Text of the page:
I didn’t go to Vallis Vale with B,G.S. and Miss Eunice Overend on 24th October - I have twice before been led there by her and I can well remember her strictures on geologists “with their little hammers”. Now there IS a geologist’s hammer - mine - in Vallis Vale and anyone who wants it may have it for the taking. It isn’t lost because I know where it is - on the bed of the Nunney River, just below a wooden bridge near flume. When it dropped out of my belt-loop I was on my way to the Carboniferous/Jurassic unconformity described by de la Beche in 1846, carrying a load of tools - spade, mattock, pickaxe, treelopper and other hand tools. Vandalism? No! In late 1979 members of the Open University Geological Society undertook a project under the supervision of Dr Bill Wimbledon (Nature Conservancy Council) and Charlie Copp (Bristol City Museum), appointed Geologist-in-Charge. Members came from as far away as Cheltenham, Bristol and Taunton and most were also members of either W.E.G.A. and/or B,G.S.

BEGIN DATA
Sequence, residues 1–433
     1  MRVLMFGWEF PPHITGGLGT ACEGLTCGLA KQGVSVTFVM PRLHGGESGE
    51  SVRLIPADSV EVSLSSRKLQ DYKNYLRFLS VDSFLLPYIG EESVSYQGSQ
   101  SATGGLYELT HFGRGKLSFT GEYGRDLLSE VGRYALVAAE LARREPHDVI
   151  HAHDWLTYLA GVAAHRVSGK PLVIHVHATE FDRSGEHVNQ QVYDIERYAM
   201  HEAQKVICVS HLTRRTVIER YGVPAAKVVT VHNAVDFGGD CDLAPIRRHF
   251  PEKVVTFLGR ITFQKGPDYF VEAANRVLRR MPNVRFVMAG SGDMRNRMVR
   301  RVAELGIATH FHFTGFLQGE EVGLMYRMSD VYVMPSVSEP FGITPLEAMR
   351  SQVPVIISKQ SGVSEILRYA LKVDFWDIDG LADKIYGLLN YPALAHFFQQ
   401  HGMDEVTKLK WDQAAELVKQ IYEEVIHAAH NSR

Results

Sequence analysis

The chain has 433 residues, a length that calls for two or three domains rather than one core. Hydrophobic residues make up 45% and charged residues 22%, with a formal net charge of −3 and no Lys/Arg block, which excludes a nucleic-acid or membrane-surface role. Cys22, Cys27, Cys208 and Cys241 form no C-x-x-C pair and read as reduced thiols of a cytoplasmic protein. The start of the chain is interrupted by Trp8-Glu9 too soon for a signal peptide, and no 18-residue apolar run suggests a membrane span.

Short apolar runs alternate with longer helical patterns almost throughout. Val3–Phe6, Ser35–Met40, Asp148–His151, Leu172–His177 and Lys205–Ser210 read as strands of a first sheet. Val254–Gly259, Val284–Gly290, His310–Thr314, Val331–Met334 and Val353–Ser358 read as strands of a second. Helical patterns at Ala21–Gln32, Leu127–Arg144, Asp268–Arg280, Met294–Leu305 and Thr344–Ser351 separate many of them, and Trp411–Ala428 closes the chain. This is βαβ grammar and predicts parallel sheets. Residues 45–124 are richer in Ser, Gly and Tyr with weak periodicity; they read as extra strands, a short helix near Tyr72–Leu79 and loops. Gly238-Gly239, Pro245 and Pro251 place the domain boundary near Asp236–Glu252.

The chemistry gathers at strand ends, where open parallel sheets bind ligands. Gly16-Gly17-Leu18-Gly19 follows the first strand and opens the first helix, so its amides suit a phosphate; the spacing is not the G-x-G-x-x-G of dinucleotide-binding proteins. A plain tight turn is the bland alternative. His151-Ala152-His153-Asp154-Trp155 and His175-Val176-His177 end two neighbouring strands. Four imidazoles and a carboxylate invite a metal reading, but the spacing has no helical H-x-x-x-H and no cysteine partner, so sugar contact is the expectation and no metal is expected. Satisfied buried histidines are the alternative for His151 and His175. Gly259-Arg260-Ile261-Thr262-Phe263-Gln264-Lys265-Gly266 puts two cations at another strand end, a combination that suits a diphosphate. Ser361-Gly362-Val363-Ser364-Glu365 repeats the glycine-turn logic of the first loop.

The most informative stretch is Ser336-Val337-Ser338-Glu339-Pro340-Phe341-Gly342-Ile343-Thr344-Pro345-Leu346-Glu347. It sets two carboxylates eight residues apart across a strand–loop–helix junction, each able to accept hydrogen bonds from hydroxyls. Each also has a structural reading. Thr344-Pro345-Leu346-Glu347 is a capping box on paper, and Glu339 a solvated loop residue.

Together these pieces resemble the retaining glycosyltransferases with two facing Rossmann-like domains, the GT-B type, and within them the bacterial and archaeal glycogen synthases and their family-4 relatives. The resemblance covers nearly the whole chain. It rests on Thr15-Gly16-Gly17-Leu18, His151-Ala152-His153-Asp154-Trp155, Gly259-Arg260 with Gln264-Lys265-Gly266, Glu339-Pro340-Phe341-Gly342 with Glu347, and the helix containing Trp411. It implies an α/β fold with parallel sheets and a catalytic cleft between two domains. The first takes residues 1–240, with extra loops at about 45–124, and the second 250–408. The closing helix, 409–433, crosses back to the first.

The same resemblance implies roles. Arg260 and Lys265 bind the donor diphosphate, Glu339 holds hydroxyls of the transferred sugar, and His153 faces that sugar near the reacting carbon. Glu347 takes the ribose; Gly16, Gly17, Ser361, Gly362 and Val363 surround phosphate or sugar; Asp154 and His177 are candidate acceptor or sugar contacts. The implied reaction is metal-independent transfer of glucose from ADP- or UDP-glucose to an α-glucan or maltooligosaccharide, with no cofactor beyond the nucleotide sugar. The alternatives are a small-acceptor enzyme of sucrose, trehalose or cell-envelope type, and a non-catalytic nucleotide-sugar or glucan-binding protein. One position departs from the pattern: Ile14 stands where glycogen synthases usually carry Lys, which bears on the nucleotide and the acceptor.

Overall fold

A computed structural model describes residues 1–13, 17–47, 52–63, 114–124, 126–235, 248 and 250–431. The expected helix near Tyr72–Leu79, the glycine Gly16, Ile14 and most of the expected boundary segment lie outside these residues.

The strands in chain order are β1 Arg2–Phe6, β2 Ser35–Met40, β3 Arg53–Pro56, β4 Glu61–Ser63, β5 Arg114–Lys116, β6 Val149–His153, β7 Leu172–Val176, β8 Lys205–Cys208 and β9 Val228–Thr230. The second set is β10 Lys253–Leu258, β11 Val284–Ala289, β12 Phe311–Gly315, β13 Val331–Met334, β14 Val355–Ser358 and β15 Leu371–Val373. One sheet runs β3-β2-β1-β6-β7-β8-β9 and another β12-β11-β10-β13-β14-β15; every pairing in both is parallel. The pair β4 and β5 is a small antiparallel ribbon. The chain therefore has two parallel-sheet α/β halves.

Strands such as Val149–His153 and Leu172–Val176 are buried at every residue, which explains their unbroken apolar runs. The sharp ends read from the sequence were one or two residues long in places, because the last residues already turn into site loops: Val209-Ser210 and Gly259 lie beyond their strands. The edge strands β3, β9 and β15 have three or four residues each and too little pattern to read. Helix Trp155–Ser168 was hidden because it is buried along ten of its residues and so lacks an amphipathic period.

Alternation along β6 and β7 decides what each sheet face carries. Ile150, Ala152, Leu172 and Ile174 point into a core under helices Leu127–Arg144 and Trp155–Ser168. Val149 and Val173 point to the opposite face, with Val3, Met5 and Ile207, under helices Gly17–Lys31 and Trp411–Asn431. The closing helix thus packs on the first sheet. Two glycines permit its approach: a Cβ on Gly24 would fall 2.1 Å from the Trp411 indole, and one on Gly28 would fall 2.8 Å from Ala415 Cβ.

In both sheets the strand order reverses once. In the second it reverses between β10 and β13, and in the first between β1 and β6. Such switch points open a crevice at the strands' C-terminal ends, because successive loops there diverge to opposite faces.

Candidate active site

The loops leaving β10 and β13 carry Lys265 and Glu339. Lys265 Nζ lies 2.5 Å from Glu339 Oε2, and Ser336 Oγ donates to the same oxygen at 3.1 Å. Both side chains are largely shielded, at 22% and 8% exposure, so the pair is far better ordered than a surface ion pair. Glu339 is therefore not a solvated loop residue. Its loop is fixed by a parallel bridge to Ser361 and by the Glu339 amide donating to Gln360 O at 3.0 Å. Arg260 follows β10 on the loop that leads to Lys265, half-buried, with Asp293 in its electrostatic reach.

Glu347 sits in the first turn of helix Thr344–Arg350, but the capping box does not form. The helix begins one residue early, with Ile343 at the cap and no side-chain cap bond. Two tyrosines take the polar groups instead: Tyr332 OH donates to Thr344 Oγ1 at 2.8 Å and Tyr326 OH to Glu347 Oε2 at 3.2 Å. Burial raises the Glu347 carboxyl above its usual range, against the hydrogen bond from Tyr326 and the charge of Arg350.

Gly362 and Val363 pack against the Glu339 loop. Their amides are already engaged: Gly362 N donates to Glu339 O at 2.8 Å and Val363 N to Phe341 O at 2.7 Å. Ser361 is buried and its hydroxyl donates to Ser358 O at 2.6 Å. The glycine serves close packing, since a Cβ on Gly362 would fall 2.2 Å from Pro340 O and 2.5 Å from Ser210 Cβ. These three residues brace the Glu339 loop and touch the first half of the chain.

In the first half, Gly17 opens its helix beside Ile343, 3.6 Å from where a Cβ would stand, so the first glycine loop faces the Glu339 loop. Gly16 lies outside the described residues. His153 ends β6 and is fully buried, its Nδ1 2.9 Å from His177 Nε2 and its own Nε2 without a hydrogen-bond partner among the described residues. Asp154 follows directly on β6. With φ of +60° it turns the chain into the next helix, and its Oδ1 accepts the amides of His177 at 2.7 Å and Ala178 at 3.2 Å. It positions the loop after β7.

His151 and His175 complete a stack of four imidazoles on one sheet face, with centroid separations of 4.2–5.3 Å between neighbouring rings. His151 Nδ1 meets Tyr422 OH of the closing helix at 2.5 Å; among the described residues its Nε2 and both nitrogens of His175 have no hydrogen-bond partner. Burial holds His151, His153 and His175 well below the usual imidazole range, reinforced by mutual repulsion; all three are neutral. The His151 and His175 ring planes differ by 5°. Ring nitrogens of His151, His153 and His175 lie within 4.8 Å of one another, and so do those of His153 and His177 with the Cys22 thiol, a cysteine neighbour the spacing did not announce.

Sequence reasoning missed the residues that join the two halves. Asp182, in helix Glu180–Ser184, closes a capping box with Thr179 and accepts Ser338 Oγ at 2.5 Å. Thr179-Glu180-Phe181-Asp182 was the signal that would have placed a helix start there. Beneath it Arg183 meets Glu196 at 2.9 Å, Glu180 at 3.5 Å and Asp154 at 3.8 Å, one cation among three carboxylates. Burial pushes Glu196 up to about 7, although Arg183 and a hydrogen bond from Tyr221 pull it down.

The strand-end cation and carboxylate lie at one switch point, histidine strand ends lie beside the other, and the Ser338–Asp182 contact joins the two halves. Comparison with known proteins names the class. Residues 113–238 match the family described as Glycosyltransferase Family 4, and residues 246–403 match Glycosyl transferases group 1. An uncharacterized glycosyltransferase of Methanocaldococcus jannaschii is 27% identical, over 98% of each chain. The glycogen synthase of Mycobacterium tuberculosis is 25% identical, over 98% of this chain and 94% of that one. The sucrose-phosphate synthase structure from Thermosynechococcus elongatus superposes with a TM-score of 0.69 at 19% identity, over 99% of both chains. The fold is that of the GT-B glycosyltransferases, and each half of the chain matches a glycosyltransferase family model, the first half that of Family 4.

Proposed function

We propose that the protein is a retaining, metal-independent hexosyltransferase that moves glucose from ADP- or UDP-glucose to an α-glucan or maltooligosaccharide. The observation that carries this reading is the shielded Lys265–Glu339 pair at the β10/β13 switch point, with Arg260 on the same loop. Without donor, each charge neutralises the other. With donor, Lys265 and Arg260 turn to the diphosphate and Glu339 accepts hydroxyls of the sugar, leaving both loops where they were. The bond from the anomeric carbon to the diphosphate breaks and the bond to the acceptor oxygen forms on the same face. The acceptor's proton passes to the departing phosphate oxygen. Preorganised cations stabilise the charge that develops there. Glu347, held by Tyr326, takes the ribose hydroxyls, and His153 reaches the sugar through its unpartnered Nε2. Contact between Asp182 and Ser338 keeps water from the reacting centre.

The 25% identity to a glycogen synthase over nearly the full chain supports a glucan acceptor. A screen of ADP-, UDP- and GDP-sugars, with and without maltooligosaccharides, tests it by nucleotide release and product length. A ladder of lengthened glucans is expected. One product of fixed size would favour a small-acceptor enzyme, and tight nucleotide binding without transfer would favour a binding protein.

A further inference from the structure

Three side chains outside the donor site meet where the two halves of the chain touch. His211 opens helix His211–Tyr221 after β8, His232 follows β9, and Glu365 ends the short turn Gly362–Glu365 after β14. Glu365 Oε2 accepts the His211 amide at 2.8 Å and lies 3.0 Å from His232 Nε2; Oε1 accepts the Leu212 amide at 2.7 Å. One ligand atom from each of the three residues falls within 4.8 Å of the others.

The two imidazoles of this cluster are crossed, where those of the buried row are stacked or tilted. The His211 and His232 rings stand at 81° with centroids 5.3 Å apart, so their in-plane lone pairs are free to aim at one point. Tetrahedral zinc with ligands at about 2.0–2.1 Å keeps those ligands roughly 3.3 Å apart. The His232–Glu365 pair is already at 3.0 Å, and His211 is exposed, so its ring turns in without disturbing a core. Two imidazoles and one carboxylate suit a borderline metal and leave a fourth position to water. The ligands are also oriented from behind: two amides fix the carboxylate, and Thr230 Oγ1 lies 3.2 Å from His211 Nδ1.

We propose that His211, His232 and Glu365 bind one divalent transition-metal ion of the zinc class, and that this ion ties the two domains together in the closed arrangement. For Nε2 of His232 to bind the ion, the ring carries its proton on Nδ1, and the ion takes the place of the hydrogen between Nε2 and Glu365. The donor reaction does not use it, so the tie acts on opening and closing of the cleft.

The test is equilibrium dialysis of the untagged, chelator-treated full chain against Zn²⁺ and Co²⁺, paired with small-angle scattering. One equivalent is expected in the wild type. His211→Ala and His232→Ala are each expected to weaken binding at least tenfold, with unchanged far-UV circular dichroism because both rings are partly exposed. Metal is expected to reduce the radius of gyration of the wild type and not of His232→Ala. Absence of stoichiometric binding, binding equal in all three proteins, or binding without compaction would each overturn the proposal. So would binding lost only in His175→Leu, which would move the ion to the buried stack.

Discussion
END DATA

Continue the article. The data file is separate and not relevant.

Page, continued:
Rubbish dumped over the cliff from the fields, soil, scree and fallen rocks had almost covered the Carboniferous peneplain where the Upper Inferior Oolite Series rests unconformably on the Black Rock and Vallis Vale Limestones of the Clifton Down Series, and brambles, shrubs and even trees sprouted from every possible niche. The first visit, in December, coincided with torrential rain and although a younger member tried to reach the ledge by cutting steps in the clay a remnant of four “drowned rats” finally retreated to Westbury to hold a rather depleted branch A.G.M. and arrange subsequent visits.

Starting in January 1980 (which was when my hammer went bathing) parties averaging eight in number dug, scraped, shovelled, pruned, lopped and sawed until by June we had cleared side and top of the Carboniferous over a width of some fifty feet and the peneplain was about eight feet wide, so that the Oolite could be studied in comparative comfort. Two unfortanetly-timed attacks of fibrositis kept me from the next two visits and indeed I have not visited the S.S.S.I. since. One day, however, the B.G.S. Field Trip Organiser may yet arrange Excursion 9 of the Bristol University book, and I shall see how much of our work nature and the locals have undone.